Wind energy enjoys considerable public support and achieves substantial human health and environmental benefits. Nonetheless wind energy detractors have publicized their concerns that wind turbines cause adverse health effects.
Here we present the medical and scientific evidence regarding wind turbines and health;
Positive health effects
There are many positive public health and environmental benefits associated with the use of wind turbines to generate electricity. Wind energy is an inexhaustible resource that generates no pollution or toxic waste, does not deplete fresh water resources, and requires no mining, transportation, or refining of a feedstock or fuel.
Electricity produced by wind farms displaces electricity from other sources, usually the oldest, dirtiest, and least efficient power plants on the utility system: in other words - coal. Wind power thus has a direct and immediate benefit in reducing illness and deaths, typically caused by asthma, emphysema and bronchitis, associated with air pollution from coal plants..
If we had 1,000 wind turbines in Saskatchewan generating 20 percent of our electricity the health and environmental benefits over 25 years would be as follows;
Reduced deaths: 1,000 people. Many medical studies have documented the negative health impacts (e.g. asthma attacks, bronchitis and emphysema) of using coal and, to a much lesser extent, natural gas to generate our electricity. Those same studies have also calculated human mortality rates. From these we can estimate that approximately 1,000 lives would be saved.
Mercury out of the atmosphere: 3,700 kilograms. Significant quantities of Mercury are released into the atmosphere when coal is burned in a power station such as Boundary Dam in Estevan. Mercury is a bioaccumulative neurotoxin which, even in extremely low amounts, causes brain damage in humans and which is especially dangerous for children and pregnant or nursing mothers. Studies have found that long term exposure to air contaminated with only 42 millionths of a gram of Mercury per cubic metre, can induce tremors, impaired cognitive skills and sleep disturbance in people.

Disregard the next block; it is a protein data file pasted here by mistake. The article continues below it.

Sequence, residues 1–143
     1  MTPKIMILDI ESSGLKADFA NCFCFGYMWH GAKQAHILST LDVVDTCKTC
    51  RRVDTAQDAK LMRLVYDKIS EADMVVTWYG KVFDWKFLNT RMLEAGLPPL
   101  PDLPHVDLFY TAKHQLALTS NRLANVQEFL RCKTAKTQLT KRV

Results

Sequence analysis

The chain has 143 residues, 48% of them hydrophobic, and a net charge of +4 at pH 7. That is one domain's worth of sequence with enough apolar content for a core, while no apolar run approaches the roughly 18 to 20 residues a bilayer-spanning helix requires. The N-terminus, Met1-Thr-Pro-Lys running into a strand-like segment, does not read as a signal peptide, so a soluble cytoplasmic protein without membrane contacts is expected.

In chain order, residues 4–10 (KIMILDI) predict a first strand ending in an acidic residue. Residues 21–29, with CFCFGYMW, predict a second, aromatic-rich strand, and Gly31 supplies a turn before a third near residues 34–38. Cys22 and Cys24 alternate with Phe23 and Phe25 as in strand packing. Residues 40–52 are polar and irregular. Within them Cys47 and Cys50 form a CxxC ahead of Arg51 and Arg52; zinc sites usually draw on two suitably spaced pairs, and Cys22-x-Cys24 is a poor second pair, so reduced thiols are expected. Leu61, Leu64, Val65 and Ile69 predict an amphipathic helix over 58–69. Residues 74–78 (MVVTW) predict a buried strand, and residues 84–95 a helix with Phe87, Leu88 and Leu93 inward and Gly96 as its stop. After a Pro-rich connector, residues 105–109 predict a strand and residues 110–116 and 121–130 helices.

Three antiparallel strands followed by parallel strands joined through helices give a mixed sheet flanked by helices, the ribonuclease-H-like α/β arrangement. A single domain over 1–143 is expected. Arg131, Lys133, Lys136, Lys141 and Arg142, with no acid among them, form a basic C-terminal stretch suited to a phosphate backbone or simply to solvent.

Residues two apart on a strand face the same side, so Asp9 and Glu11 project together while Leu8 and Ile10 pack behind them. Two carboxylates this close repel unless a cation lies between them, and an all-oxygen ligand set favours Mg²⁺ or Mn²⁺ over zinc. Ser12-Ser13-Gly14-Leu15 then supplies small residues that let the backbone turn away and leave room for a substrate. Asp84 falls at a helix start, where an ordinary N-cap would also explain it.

Toxic trace elements not released: Arsenic - 12,000 kilograms, Lead - 9,000 kilograms, Cadmium - 1,000 kilograms. These chemical elements are extremely toxic in very small quantities yet large amounts of them (+ many others which are not included here) are released when coal is burned in power stations such as Boundary Dam in Estevan. SaskPower does not publish data but emissions are calculated based on the known chemical composition of similar coal bodies.
Water not lost through power station cooling towers: 140 million cubic metres. Coal- and natural gas-fired power stations need lots of water to cool their boilers. Wind turbines do not need any. The 140 million cubic metres of water saved is equivalent to 5 days of flow of the South Saskatchewan river or the amount of water which would be contained in a 250 kilometre stretch of the river: 250 kilometres is the distance from Regina to Saskatoon.
Coal not mined and burned: 60 million tonnes. This amount of coal would fill a line of railcars 10,000 kilometres in length - that would stretch from Vancouver to Halifax and back again! Or, to put it another way, that much coal would fill a hole in the ground measuring 1 kilometre long, 500 metres wide and 130 metres deep.